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Journalists Are Outranking Marketers in Search (And That’s OK)

Posted by Anthony Hardman on March 24, 2015

Lego reporter conducting an interview

Journalists are not your enemy.

They are a resource that marketing and PR professionals should try to work with regularly, in an effort to earn third-party credibility for your campaigns.

In a recent Hubspot article, “Why Journalists Are Outranking Marketers in Search (And How We Can Compete),” several key data points outline the reasons why traditional media outlets outrank corporate blogs. On average traditional media receive a 5.8 placement on SERPs, vs. blogs, which rank around 7.

The article also offers several ways corporate blogs can try “to close the gap and neutralize the natural advantage publications have in the areas of domain and page authority and linking domains.

While the post offers good tips for improving your content, I have to question whether “journalists outranking marketers” is actually a bad thing.

Yes, as marketers we want our content to be found, but it's incredibly important to have independent sources where consumers can turn for unbiased evaluations. The idea that marketers should try “to compete” with journalists is a dangerous one.

Declining Trust in Media

It’s true that there have been a lot of studies detailing the public’s declining trust in traditional media; however, brands should be careful when considering these statistics.

Yes, trust has eroded, but one of the most commonly cited reasons is our nation’s polarized political climate, not distrust regarding consumer news. Buyers still need authoritative sources that have nothing to sell, in order to have a fully explored and validated buyers' journey.

Creating remarkable content, as Hubspot and other brands often do, is a great way to build loyalty and establish thought leadership, but at the end of the day branded content is just that—a brand selling a product or service. It takes a mix, and that’s a point I think Hubspot missed in their article.

Personally, before I turn to a company to make a purchase I'm going to read reviews, news articles and branded content. This evaluation process mirrors consumer data from Nielsen Global Trust in Advertising Survey, and signals to brands that buyers devour a lot of content before making a decision.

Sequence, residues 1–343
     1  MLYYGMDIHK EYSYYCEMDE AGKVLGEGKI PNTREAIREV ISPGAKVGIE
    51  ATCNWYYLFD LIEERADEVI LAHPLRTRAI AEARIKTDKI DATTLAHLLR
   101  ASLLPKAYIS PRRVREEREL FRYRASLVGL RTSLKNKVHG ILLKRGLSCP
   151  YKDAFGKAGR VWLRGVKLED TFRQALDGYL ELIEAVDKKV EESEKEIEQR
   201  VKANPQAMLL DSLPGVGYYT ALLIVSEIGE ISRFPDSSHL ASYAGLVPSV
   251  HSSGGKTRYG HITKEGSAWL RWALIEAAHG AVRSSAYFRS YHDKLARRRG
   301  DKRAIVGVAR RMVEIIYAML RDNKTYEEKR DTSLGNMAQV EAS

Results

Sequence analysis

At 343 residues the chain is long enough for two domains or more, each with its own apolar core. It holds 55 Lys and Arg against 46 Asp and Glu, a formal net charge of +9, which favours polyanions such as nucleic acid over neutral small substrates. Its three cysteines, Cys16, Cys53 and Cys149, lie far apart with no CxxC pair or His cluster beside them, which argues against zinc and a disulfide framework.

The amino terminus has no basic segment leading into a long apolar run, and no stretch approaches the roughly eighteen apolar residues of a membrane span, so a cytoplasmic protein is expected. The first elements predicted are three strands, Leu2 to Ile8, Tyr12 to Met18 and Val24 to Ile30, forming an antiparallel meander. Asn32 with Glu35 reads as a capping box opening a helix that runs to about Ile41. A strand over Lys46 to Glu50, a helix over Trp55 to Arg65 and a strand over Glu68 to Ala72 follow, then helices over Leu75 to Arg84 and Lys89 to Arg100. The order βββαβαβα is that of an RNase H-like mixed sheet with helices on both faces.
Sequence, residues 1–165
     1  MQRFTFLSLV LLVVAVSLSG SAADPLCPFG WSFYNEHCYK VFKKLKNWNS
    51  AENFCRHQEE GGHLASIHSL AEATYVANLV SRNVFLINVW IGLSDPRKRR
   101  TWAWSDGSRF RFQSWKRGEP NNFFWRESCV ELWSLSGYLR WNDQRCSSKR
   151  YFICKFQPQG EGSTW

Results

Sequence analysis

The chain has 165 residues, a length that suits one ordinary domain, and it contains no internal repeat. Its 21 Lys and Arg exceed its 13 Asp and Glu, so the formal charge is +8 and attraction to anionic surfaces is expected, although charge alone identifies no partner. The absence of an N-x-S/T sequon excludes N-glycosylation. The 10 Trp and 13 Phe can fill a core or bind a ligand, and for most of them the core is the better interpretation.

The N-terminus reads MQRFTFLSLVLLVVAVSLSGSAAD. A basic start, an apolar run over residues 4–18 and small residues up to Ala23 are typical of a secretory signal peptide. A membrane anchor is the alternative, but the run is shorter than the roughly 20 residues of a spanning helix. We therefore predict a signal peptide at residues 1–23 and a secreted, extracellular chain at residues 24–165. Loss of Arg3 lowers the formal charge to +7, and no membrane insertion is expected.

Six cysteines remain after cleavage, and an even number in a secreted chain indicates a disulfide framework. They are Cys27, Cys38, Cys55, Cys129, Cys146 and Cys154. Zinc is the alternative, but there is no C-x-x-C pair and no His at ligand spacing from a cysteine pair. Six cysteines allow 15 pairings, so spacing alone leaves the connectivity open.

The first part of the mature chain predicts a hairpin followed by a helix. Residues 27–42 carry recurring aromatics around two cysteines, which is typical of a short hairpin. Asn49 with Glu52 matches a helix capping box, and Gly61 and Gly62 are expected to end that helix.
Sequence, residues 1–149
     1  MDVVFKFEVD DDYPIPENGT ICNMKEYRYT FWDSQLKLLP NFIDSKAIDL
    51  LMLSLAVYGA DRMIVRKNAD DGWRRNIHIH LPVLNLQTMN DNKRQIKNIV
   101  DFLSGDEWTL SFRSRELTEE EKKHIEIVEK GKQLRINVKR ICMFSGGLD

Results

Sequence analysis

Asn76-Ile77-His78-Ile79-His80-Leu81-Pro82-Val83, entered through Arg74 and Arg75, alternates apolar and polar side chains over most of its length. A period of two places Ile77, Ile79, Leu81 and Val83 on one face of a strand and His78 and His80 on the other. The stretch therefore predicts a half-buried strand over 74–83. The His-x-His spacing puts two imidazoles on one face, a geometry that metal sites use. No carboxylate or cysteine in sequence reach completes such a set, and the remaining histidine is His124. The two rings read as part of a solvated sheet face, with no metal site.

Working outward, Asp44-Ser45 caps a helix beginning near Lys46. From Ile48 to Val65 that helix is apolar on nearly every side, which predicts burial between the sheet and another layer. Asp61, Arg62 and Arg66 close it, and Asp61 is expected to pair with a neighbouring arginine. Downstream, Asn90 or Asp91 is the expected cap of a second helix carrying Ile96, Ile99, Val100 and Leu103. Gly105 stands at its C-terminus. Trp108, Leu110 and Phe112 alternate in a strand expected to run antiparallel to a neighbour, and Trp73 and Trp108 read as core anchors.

Rising Trust in Branded Content

The aforementioned Nielsen survey also details the fact that consumer trust in branded websites is on the rise. That trust has grown since 2007, but if marketers are not careful that trust could easily erode.

The concept of using inbound and content marketing is rapidly changing the way businesses interact with, and sell to, customers. When done ethically, these strategies are great, but as more companies join in, the risk for poor practices increases. A perfect example of this is the native ad the Church of Scientology sponsored in The Atlantic, which received a highly negative response.

Note: For an example of how to do content marketing right, read Jay Baer’s (@jaybaer) book Youtility.

If consumer trust in brands wanes because bad marketing practices rise, and reputable media sources become hard to find because marketers outrank them on SERPs, everyone loses. 

Collaborate, Don’t Compete

Smart marketers use public relations to join the media landscape, and work with journalists in an effort to add credibility to what they have to offer. 

Earned media can be a valuable resource for your content engine. You can share articles on social media, quote excerpts for ebooks and blog posts, link to it in related content and feature it on your website.

Marketers should not feel threatened by the authoritative search engine rankings of traditional media; they should embrace it. You can tell people how great your product or service is until you’re blue in the face, but until consumers hear it from friends or independent media reviewers, they are less likely to believe you. 


 

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Image Source: Pascal via Flickr

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